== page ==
The bill, S-3113, would allow for casinos, racetracks and joint partnerships between casinos, racetracks and/or third parties to operate sports wagering pools at the State’s casinos or racetracks. The bill would allow people over the age of 21 to place a bet on a sporting event in-person at special lounges created in casinos, racetracks or at the site of a former racetrack with the State of New Jersey. The bill would not permit wagers to be placed on college games that take place in New Jersey or on any game in which a New Jersey college team participates, regardless of where in the country the game takes place.
The legislation follows a November ballot referendum which amended the state constitution to authorize the Legislature to enact laws allowing sports wagering at Atlantic City casinos and at horse racetracks throughout the state. The ballot question passed by nearly a 2-1 margin.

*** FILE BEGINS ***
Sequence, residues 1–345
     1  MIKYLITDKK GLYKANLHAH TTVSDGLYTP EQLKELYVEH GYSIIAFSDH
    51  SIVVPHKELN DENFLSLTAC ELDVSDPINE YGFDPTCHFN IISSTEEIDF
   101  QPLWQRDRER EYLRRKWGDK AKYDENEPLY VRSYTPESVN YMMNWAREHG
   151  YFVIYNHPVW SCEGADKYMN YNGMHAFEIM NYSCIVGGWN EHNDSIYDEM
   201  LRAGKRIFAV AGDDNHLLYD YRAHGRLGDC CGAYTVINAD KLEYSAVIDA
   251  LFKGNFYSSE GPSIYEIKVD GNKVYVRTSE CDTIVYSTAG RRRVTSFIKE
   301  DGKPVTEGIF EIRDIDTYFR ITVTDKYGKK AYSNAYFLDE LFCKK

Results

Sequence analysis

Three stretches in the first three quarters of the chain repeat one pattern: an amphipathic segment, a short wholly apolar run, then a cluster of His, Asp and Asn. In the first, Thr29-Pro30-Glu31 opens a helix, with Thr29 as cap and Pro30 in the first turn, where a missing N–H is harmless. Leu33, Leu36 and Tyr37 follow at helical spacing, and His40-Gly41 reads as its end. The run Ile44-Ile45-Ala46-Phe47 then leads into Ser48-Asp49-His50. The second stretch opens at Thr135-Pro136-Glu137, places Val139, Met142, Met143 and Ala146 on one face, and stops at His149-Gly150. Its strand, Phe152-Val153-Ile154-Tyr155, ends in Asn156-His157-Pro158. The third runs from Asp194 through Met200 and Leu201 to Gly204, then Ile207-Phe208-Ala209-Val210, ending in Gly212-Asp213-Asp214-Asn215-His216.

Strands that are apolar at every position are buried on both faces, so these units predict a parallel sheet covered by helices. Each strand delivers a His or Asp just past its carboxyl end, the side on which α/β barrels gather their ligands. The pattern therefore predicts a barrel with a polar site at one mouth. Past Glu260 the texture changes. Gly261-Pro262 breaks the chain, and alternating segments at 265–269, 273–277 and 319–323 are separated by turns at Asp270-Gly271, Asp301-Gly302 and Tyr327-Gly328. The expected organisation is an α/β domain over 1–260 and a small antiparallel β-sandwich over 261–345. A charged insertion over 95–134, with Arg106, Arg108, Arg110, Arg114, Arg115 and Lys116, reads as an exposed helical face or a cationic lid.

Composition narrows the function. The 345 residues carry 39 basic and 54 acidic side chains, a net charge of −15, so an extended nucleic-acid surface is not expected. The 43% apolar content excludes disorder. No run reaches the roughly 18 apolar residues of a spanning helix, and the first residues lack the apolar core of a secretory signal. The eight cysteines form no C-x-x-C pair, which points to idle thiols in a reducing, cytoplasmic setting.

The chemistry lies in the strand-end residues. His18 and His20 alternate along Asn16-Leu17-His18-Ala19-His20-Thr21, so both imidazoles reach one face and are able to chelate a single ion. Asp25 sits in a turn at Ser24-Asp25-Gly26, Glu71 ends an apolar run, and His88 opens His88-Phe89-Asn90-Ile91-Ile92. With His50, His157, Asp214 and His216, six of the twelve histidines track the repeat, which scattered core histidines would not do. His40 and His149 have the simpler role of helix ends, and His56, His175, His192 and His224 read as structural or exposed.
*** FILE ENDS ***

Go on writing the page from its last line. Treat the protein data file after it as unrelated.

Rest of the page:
“The voting public has spoken, and they demand to have the option to bet on sporting events in the Garden State,” said Senator Van Drew. “The ability to set up and operate sports wagering parlors would be an economic boon for Atlantic City casinos and horse tracks throughout the State, and could help invigorate our struggling gaming economy.”
Club CalNeva, a Las Vegas-based company which operates over 30 sports books and handles billions of dollars in bets, estimates that sports betting will bring in, annually, $1.3 billion in sports wagering gross revenues and $120 million in tax revenues for New Jersey. It is also estimated that sports wagering could create thousands of new jobs for New Jersey residents.
“We cannot afford to leave these revenues and jobs on the table, while New Jersey is fighting to keep its position as the gaming leader of the East Coast,” said Senator Lesniak. “With the ability to take bets on sporting events, New Jersey casinos and racetracks will be able to compete nationally for gaming dollars, and will be able to expand the gaming workforce to put unemployed New Jerseyans back to work.”